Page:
A special type of bike share is the student bike. These are advertising funded bicycles that students can borrow for free. In return the student is committed to maintaining the bicycle, locking it responsibly, and using it as much as possible as long as he or she has it. When the student no longer needs the bicycle, it’s passed on to another student.
Leasing a car instead of buying one has long been popular among drivers. In most Danish cities today you can also lease a bicycle. The advantage is that you don’t need to invest a large sum all at once, but simply pay a smaller monthly rate. Repairs are paid for by the company and are carried out as you wait, or you’re given a replacement. On the other hand, you have to accept the bicycle type provided by the company.
Swapfiets is an example of a company that leases out bicycles in the larger Danish cities and in a great many cities in the Netherlands, Belgium and Germany.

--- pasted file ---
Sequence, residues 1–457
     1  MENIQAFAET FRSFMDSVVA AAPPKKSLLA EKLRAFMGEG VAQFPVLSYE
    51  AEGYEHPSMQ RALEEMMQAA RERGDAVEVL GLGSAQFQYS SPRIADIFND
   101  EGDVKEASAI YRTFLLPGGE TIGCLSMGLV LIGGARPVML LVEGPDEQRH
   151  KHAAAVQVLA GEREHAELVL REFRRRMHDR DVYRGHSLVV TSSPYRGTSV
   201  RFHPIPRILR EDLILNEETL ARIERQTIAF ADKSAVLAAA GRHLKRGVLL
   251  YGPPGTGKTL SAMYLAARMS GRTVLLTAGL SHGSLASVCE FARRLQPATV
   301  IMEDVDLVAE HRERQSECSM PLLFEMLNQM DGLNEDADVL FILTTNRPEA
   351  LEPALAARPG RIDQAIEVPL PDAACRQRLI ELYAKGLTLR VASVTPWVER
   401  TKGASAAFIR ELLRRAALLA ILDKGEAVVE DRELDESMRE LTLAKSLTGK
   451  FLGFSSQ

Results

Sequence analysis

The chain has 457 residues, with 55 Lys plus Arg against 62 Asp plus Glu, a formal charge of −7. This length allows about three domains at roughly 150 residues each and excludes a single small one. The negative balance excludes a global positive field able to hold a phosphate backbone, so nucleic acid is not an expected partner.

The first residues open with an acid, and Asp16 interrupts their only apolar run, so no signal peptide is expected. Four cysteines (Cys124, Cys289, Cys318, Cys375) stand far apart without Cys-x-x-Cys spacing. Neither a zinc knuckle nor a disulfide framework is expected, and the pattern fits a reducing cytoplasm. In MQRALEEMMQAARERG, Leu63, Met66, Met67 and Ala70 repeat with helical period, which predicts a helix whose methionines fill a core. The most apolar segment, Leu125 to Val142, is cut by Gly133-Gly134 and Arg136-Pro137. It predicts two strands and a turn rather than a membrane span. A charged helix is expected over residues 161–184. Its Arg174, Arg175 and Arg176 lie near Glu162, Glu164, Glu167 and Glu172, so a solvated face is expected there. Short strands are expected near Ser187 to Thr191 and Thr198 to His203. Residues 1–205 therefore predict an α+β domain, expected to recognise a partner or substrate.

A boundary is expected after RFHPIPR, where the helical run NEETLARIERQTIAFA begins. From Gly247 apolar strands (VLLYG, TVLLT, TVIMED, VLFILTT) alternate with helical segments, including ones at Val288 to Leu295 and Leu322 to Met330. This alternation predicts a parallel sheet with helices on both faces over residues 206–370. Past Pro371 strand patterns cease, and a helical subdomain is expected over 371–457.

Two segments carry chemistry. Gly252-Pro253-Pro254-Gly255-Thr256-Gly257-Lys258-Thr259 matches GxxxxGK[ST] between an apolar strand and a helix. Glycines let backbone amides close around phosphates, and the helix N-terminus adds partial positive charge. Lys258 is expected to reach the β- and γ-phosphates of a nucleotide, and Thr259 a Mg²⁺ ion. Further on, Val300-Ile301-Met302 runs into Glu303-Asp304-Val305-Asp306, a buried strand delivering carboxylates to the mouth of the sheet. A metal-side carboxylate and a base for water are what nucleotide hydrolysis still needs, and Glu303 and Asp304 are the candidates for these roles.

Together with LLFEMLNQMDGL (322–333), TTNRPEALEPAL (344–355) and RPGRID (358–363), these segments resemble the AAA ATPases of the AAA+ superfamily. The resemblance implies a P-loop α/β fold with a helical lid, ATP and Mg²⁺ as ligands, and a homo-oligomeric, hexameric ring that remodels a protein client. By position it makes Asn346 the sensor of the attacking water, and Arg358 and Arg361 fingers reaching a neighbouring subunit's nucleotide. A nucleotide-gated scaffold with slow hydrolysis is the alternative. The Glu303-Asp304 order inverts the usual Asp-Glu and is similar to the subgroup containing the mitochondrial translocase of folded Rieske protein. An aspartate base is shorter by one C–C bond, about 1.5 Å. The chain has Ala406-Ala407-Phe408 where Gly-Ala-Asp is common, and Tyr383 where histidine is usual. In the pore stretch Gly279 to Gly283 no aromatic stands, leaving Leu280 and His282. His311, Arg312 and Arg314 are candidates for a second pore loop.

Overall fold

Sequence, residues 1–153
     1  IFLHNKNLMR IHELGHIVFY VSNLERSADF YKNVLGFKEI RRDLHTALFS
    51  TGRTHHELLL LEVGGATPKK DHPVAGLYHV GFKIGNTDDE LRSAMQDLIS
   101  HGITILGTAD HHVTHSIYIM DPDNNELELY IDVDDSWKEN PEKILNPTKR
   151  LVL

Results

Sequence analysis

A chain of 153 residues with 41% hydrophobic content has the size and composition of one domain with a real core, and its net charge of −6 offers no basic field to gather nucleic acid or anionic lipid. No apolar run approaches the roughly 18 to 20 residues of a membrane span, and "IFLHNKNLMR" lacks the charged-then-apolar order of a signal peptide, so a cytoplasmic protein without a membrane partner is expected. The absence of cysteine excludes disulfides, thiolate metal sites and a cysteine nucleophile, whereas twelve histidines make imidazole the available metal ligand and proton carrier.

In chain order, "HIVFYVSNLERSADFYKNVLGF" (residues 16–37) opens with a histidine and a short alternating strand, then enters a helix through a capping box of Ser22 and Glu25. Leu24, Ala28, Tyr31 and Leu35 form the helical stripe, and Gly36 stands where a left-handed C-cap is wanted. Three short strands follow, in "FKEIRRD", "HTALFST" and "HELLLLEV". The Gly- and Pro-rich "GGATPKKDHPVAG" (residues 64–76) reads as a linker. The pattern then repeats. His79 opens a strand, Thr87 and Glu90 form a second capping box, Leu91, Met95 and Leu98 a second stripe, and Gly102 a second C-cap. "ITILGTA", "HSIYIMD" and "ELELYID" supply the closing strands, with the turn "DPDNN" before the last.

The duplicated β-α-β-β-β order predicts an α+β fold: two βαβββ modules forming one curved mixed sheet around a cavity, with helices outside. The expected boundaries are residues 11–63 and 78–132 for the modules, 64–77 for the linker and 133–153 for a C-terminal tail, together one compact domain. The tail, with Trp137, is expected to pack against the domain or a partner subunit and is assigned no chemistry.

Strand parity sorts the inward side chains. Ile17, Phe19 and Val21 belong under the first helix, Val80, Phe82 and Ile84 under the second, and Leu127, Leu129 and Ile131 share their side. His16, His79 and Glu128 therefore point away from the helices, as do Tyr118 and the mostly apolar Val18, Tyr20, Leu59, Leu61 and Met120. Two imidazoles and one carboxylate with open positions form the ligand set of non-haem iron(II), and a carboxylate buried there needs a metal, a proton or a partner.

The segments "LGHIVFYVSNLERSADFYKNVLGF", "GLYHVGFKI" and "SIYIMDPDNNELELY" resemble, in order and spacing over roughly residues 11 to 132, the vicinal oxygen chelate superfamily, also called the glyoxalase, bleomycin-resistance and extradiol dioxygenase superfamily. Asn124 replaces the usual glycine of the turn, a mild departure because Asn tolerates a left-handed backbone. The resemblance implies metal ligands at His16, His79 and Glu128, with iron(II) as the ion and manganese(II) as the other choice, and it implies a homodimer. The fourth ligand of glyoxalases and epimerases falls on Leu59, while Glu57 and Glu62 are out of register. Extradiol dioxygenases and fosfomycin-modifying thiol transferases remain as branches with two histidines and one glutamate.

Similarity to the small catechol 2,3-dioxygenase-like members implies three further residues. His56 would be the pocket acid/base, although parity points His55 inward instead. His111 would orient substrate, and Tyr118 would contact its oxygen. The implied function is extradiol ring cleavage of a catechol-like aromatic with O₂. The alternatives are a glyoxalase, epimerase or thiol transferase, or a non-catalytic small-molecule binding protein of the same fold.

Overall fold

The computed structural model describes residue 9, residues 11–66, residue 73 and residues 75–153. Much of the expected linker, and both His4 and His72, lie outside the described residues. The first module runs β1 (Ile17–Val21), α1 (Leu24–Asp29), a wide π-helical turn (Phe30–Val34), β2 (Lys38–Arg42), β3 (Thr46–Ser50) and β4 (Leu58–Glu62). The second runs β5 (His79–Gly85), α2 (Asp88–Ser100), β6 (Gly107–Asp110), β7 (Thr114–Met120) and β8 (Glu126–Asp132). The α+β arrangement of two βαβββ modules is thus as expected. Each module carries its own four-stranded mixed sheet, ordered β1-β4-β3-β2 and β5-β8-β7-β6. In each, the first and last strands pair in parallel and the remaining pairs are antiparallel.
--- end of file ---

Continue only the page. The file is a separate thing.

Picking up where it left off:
A bicycle library is a facility where you can borrow a bicycle, for example a cargo bike or an E-bike, if you would like to try out another type of bicycle than the one you normally ride. The basic idea is that practical experience is the way forward if people are to change their old habits or find new solutions.
For example, if you’re wondering whether to buy a cargo bike, which is certainly not cheap, it’s nice to be able to try out the concept first. Several Danish cities have – or had – public bicycle libraries. Here are four examples:
- Miljøpunkt Amager (http://miljopunkt-amager.dk/la%CC%8An-en-cykel/) in Copenhagen lends out cargo bikes.
- Horsens Cykelbibliotek (http://cykelby.horsens.dk/dk/horsens-cykelbibliotek/ ) lends out E-bikes.
- Cyklisternes By, Odense, lends out E-bikes, cargo bikes and bicycle trailers. (https://www.cyklisternesby.dk/voksne/laan-en-ladcykel )
- Aarhus Municipality has a mobile bicycle library in a container (http://www.smartmobilitet.dk/)